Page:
Storm moving slow
While just about everything is being blamed on El Nino these days, the storm that hit the area Tuesday and expected to last through today definitely qualifies.
The storm, which is moving east at a “very slow rate,” according to Steve Downs, a meteorologist with the National Weather Service in Reno, brought heavy rain and snow to the Tahoe Basin Wednesday. The same conditions should persist through the next couple of days.
“Thursday should be partly cloudy and a bit warmer,” Downs said Wednesday afternoon. “There is still, however, a good chance of afternoon thunderstorms, especially along the mountains.”
The lingering wet weather can be blamed on a slow-moving low pressure system, which is in no hurry to move out of the area.
“It is moving east very slowly, leaving a chance of scattered showers through Thursday afternoon.” Downs said. “The forecast for Friday through Sunday calls for a slight chance of afternoon thunderstorms.”
Downs added that while this type of spring storm is not normal for this time of year, it is consistent with what the area has witnessed the last few years.
“This is not really a typical May storm, but it has been pretty wet the last three years (at this time),” Downs said.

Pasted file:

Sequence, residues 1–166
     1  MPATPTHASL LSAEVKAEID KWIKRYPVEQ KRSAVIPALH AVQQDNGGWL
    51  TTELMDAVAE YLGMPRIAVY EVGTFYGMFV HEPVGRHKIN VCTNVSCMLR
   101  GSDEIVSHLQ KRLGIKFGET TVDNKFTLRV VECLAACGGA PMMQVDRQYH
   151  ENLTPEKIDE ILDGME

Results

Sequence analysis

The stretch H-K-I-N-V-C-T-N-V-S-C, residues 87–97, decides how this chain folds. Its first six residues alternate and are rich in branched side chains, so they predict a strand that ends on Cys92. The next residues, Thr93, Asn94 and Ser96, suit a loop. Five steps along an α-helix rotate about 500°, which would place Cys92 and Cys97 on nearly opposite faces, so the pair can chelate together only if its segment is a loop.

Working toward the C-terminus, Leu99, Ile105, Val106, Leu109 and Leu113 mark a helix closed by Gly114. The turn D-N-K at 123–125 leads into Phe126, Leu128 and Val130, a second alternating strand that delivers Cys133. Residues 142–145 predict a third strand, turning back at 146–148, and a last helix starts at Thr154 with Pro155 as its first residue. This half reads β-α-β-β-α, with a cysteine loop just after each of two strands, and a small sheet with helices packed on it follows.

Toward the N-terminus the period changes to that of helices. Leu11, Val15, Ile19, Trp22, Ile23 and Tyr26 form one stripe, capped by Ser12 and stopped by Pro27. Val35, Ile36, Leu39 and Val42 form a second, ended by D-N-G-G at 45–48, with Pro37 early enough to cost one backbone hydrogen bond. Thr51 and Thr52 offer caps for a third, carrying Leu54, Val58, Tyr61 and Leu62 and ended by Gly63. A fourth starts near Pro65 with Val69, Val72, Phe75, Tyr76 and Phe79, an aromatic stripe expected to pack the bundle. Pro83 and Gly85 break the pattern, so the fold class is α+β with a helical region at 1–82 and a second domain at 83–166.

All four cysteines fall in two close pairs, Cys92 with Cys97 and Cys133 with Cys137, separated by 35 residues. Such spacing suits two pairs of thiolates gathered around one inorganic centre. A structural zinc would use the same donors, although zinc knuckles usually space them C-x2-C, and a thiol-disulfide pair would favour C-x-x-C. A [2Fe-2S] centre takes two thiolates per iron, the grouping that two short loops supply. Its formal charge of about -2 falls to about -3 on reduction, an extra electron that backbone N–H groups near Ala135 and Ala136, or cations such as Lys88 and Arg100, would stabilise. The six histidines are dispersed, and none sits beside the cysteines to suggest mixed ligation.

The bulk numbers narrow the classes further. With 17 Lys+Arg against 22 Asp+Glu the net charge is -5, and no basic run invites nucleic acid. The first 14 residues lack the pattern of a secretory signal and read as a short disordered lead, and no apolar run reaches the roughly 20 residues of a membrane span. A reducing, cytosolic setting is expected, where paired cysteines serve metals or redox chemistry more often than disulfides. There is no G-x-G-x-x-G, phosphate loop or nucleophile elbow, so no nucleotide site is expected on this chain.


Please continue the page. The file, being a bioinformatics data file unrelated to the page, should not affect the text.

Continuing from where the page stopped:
South Lake Tahoe reported receiving .92 inches of precipitation, while Truckee reported .64 and Blue Canyon .81. Reports were received late Wednesday afternoon.
To illustrate how wet of a year it has been, Downs pointed out that the average annual precipitation for the Reno area is 6.84 inches. So far this year, Reno has received 8.94 inches.
As for the highways, the storm Wednesday prompted slow-moving conditions and several accidents, but the roads remained open with controls (as of Wednesday afternoon).
“We really haven’t had any bad storm closures, knock on wood. It looks as though the roads are open (Highway 50 and Interstate 80) with chain controls on all vehicles except 4-wheel-drives,” said Jim Drago, spokesman with the California Department of Transportation, Wednesday.
Despite the many El Nino-driven storms this winter and spring, highway closures have been less than expected.
“El Nino, on a transportation standpoint, has spared us major problems – except for Highway 1,” Drago said. “You are always going to have weather-related problems and accidents, but there has been nothing major thus far.”
Still, Drago is surprised by the recent stormy weather.
“Here it is May and we are having chain controls. That is pretty amazing. Not bad for skiers though,” he said.
The snow level is expected to be 7,500 feet, rising to 8,000 feet overnight. The winds should be light today, with strong gusts at higher elevations.
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